8     towns I mentioned.  There was no communication in terms of information

 9     and in terms of traffic.  In all those roads, barricades emerged.

10             The municipality of Doboj was also divided.  The villages such as

11     Johovac, Kotorsko, Foca, and Komarica, that's the northern area facing

12     the Sava river, was under the control of -- were under the control of the

13     Croatian Muslim forces.  The town proper, its urban core, was under the

14     control of the joint JNA and police forces; whereas, the area beyond the

15     town proper, namely, Carsija, Orasje and all the way up to Putnikovo

16     Brdo, Alibegovci and then Civska, omega, et cetera, were under the

17     control of the Muslim forces.  Likewise, east of the Usora river, it's

18     the place called Karuse, and the villages in the direction of Maglaj were

19     also under their control.

20             East of the tunnel on the main road leading to Tuzla, the

21     villages of Stjepan Polje, Brijesnica, Klokotnica were under the control

22     of the Muslim forces.  Barricades were erected on these roads as well and

23     the service was no longer able to function there.  The village of Gradska

24     was also under the control of -- well, there was a reserve police station

25     there that had been mobilised and there were some other forces not

Page 19597

 1     belonging to the police, so these forces basically erected barricades,

 2     making it impossible to travel that way.  Along all these roads, there

 3     were instances of car hijacking, plunder, the president of the

 4     Executive Board and president of the Municipal Assembly of Prnjavor were

 5     kidnapped.  A JNA officer by the name of Ozegovic was also pulled over as

 6     he was travelling along the road and abducted.

 7             The stations of Maglaj and Tesanj, further to the south, were

 8     fully out of control of the CSB Doboj.

 9             The SJB Teslic, pursuant to a decision taken by the Municipal

10     Assembly of Teslic, directed all of its work and the dispatches it sent

11     out to the CSB Banja Luka.  Therefore, the CSB in Doboj was left without

12     its stations, and, as I told you, not even the entire Doboj area was

13     under the control of either the CSB or its SJB.

14        Q.   What was the situation like in the SJBs Maglaj and Tesanj that

15     belonged to you as well?

16        A.   I said a moment ago that they were fully out of control.  They

17     were -- there was no communication with them.  The SCB [as interpreted]

18     Doboj had no sort of control, no effective control under them -- over

19     them.

20        Q.   Tell us, at that point in time, in late April, what sort of

21     communication did the CSB have either the MUP of Republika Srpska or with

22     the MUP of the Socialist Republic of Bosnia and Herzegovina in Sarajevo?

23        A.   Since there was a war on by that time, the communication was

24     intermittent and finally ground to a complete halt.  There was no

25     communication whatsoever.

Page 19598

 1        Q.   I don't think the last part of the answer was recorded.

 2             Did you say that there was no telephone or teleprinter

 3     communication?

 4        A.   Yes.

 5        Q.   Mr. Bjelosevic, yesterday we talked about the MUP finances and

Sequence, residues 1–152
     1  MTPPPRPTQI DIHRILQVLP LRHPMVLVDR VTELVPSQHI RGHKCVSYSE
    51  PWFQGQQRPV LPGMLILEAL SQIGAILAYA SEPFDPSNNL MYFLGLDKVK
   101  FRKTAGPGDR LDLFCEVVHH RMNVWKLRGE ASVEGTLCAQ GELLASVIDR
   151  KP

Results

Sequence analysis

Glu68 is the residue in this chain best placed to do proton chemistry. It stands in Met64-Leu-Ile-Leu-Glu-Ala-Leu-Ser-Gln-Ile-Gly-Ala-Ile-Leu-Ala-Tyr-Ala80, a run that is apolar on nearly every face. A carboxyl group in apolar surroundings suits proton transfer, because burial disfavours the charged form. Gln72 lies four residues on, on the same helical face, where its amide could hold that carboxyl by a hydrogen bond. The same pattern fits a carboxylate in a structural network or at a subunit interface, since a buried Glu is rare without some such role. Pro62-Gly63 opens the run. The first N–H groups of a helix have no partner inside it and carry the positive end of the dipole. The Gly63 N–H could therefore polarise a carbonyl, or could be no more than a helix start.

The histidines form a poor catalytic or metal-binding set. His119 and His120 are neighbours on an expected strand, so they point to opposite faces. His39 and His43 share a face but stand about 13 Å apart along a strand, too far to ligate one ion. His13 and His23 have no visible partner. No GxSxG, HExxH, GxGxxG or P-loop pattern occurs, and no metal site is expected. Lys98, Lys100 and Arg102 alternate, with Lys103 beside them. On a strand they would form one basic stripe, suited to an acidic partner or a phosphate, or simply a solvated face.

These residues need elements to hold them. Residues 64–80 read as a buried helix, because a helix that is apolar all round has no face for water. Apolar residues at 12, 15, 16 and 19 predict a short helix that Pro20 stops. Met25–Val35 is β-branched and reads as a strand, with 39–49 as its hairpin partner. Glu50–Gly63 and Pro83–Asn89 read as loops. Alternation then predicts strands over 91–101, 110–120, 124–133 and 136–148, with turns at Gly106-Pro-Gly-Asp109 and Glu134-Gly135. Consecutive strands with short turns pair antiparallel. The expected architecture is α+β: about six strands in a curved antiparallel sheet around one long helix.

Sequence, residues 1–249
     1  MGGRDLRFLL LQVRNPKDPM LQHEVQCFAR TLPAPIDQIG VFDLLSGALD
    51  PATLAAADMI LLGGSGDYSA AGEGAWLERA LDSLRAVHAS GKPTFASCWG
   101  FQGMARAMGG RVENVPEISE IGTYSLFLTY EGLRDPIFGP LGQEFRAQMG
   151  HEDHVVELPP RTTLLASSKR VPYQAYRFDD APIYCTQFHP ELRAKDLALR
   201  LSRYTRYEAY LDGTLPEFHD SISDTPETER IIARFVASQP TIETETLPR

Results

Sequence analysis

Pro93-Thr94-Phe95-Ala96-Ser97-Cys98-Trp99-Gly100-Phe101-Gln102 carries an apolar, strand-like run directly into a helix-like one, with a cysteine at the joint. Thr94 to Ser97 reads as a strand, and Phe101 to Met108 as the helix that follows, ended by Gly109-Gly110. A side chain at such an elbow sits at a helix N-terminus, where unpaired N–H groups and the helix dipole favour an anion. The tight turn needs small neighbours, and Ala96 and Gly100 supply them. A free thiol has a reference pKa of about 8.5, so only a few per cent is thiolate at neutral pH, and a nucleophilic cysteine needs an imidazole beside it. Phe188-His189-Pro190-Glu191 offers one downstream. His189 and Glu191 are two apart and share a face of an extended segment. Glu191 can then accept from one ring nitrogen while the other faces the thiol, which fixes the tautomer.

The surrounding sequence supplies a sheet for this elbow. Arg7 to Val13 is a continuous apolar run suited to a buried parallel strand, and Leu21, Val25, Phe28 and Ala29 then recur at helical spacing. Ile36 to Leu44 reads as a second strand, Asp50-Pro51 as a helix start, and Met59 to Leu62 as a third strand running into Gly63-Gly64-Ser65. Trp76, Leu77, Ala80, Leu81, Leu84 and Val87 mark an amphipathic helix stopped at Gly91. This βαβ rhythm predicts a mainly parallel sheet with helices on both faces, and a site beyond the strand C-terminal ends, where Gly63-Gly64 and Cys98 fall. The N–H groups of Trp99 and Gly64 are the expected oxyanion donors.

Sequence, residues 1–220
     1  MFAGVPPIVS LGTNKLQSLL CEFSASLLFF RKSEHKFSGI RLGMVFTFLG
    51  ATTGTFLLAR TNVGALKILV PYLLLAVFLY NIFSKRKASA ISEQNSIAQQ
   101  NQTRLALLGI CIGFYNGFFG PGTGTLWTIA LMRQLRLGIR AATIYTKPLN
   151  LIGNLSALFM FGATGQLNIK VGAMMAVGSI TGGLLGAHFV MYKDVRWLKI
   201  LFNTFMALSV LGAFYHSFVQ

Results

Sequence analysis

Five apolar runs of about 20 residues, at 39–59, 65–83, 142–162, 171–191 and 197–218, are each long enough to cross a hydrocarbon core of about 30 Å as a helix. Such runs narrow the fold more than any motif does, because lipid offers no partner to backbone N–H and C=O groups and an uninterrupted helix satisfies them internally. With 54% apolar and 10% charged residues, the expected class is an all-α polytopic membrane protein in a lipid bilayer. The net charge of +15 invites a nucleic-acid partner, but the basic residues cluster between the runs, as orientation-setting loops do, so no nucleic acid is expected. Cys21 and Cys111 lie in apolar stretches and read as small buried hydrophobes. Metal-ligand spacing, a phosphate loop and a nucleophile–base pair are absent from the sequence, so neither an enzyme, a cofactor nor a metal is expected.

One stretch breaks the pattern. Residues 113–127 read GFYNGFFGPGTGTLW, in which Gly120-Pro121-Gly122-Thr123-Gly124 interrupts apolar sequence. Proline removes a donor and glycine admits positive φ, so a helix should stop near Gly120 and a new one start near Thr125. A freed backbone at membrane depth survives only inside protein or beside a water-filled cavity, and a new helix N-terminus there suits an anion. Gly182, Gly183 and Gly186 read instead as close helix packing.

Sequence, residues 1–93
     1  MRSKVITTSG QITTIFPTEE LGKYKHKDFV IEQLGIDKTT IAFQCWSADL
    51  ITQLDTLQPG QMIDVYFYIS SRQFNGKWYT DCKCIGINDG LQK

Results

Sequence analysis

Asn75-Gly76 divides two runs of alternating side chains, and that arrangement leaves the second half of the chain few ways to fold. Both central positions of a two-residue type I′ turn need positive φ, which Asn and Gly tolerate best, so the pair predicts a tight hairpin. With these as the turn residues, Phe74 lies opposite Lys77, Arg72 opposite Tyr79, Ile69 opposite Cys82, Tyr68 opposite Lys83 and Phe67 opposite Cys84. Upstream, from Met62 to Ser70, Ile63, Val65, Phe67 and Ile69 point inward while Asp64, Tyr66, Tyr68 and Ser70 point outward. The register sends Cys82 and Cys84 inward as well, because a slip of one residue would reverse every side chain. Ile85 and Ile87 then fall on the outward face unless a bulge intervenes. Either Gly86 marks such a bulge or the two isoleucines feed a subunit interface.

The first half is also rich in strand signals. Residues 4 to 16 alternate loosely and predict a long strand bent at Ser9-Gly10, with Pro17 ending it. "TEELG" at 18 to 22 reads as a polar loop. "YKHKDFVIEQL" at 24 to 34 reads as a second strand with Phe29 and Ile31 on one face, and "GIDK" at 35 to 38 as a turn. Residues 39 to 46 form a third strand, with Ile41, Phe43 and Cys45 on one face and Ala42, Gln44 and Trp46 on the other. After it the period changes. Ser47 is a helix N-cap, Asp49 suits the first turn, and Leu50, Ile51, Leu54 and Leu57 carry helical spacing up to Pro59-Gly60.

6     specifically of the Security Services Centres.  You said that the

 7     finances were left in the so-called joint MUP of the Socialist Republic

 8     of Bosnia-Herzegovina.

 9             Now, this situation, as it existed in April, as well as the

10     disruption of communications, how did it reflect on the payment of

11     salaries and all the other benefits due to the MUP members?

12        A.   Well, salaries for the month of April were not paid out, nor were

13     any funds intended for overhead expenses and similar.

14        Q.   When did it happen for the first time that you received finances

15     from the Ministry of the Interior of Republika Srpska or, rather, from

16     the government of the Republika Srpska?

17        A.   From what I recall, it was, at any rate, after the corridor was

18     set up and after the collegium met in Belgrade.  In other words, in

19     July or was it early August?  I'm not sure.

20        Q.   I will show you document 291D1; that's tab 38.  It's a document

21     which was written in July of 1992, as it seems, and it's a list of

22     employees who have salaries due for April 1992.

23             On page 2 of the document, there are signatures testifying to

24     payments being made, receipts.  And on page 3, a supplement to the list.

25             Is there anything you can tell us about this document?

Page 19599

 1        A.   From what I can see, this is a list of SJB members in Doboj.

 2     Where it says "Authorised official," I recognise the signature of

 3     Obrad Petrovic.  And as for the two other signatures, I can't tell who

 4     they belong to.

 5             Likewise, on page 3, I do recognise the left-hand signature as

 6     that of Obrad Petrovic and the other two I don't recognise.  And I can

 7     see that it has to do with the month of April.  Yes, the list was made in

 8     July.  It was probably a document based on which funds would be requested

 9     for the payment of salaries, I suppose.

10        Q.   Mr. Bjelosevic, in the course of April, May, June, and July, to

11     the best of your knowledge, did members of the CSB or SJB receive any

12     sort of reimbursement, such as salaries?

13        A.   In the course of May and June, none of it was paid out.  And I'm